I just finished reading Tom Whitby’s recent post on Connected Educators. It is a straightforward explanation of why one should be a Connected Educator. It also neatly categorizes educators into 3 groups: Connected, Semi-Connected, and Unconnected. I shall paraphrase, but please read his full blogpost for better understanding.
CONNECTED EDUCATORS: are digitally literate and use that literacy to learn and share with other educators; they write blogs and tweet to share what they have learned .
SEMI-CONNECTED EDUCATORS: choose to be strictly consumers of information through technology; they read blogs and they email; in face to face discussions they share what they have learned.
UNCONNECTED EDUCATORS: are not concerned with being relevant in the 21st Century (for whatever reason); whatever they need to know, someone will tell them
I think these categories are clear and neat. I think they help us understand the group of professionals who provide one of society’s most valuable resources. Teachers. I work with teachers. I work with teachers in all of these categories.
I love working with fellow teachers. I love sharing ideas and collaborating. I love their enthusiasm for their students. I love their desire to innovate, to try new things. I love their ability to be life-long learners.
You can be an Unconnected Educator and still be all of these things. Not being on twitter and not subscribing to blogs does not, in my opinion, devalue your professional ability. Yes, it does limit your frame of reference, but it doesn’t mean that you can’t draw invaluable insights from your current perspective.
I do not believe in trying to bully or scare people into doing what you want them to do. It just isn’t effective. Demanding that everyone create a Twitter account is pointless unless the individual sees the relevance of it for their profession. The vast majority of the teachers I work with are Unconnected Educators. They usually do wait for me to tell them what I’ve learned. And I’m ok with that for now.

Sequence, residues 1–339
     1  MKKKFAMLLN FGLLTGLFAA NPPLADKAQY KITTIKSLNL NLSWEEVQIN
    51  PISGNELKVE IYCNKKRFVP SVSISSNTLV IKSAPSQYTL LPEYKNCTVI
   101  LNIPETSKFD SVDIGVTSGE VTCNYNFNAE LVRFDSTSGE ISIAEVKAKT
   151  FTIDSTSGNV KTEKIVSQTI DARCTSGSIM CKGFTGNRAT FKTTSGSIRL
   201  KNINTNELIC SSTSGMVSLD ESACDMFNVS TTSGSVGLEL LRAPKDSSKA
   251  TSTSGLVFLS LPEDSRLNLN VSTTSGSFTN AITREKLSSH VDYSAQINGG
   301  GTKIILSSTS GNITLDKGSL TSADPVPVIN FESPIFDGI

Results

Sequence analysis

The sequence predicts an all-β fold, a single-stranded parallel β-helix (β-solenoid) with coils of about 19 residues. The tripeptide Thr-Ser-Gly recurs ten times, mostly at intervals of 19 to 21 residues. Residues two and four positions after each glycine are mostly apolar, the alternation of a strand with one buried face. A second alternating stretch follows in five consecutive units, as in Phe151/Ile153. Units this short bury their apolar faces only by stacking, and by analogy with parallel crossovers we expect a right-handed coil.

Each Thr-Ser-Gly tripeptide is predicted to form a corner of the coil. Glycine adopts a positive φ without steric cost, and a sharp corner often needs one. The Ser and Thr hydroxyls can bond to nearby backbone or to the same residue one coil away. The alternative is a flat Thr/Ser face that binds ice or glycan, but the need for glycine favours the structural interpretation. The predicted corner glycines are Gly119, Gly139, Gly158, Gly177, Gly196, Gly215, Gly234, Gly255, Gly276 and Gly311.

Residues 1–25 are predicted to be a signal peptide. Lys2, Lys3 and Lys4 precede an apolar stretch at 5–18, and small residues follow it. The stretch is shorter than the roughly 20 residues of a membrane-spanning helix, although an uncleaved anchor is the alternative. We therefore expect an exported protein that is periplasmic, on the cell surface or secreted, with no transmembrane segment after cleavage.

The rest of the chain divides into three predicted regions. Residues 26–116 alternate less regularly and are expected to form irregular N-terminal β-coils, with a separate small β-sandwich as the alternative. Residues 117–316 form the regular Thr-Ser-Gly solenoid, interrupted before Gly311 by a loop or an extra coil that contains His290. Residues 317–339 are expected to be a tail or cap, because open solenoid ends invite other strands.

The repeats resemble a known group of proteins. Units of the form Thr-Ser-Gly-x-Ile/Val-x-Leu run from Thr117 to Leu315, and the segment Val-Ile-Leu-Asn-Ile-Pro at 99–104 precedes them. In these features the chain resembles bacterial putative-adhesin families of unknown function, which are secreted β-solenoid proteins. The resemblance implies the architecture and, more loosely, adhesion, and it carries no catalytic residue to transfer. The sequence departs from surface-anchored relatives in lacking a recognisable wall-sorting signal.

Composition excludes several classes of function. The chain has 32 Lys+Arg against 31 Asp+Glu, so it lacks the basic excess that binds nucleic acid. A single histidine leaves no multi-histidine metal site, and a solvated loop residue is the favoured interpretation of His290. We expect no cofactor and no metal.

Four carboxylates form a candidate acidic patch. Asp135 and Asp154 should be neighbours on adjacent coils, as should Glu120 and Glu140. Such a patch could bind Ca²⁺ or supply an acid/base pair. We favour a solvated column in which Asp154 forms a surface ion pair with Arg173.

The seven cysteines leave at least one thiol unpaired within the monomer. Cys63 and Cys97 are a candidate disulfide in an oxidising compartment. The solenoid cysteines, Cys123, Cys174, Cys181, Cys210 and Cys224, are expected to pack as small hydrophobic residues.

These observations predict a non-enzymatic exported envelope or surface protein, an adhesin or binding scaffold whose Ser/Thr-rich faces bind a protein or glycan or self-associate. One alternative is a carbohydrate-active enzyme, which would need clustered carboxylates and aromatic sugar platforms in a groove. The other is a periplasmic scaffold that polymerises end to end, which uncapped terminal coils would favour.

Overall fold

I’m ok with that because I understand several things.
First, it takes time to become a Connected Educator. Years. It’s a process. You have to learn how it works. You have a lot to discover and there are very few experts around to answer your questions. You have to practice. Practice takes time, and gradually you get a little bit better at it. And even more gradually, you get a little bit braver. All of this takes time – and patience – and some courage.
Second, everyone’s motivation is different. I love to learn – it is what motivates me. But other people need other kinds of motivation. Their motivation is not always mine. I do not judge them for it. I work with them. I show them things that might enhance their classroom. I hope they will use some of them. I’m not expecting 100% implementation.
Third, in regard to my immediate circle of teachers, all of them have expressed a desire to be more connected. They WANT to be part of this whole ’21st Century thing’. However, it is HARD. No-one should underestimate how difficult it is for some of our veteran teachers to venture into the world of technology. I support all and any effort.
So, as I read Tom Whitby’s article, I agreed with his framework. It helped me better understand my environment. And I have to admit that sometimes I might get frustrated that none of my colleagues have read the things I’ve read on the Internet about education. It’s true. I have to admit it.
Yet these moments of frustration are fleeting. Just because they haven’t read as much as I have, doesn’t mean they don’t have valuable contributions to make to the discussion, drawn from their own experience and observation. In fact, learning from practice is the most valuable contribution that can be made to a discussion. Being a Connected Educator may add depth of reference to a discussion, but it is worthless if not grounded in practice. Teachers on the ground are the best resource.
I do not work with Connected Educators. But I love working with my fellow teachers. They are the most valuable resource.
Personally, by continuing to write this blog and reflect on my learning, by continuing to subscribe to blogs, and by building a robust PLN on twitter, I hope to make more progress on the road to becoming a Connected educator. I know that deciding to become a Connected Educator has accelerated my professional learning tenfold. And at work, I hope to continue to support my colleagues as they take their own steps on the path to becoming a Connected Educator.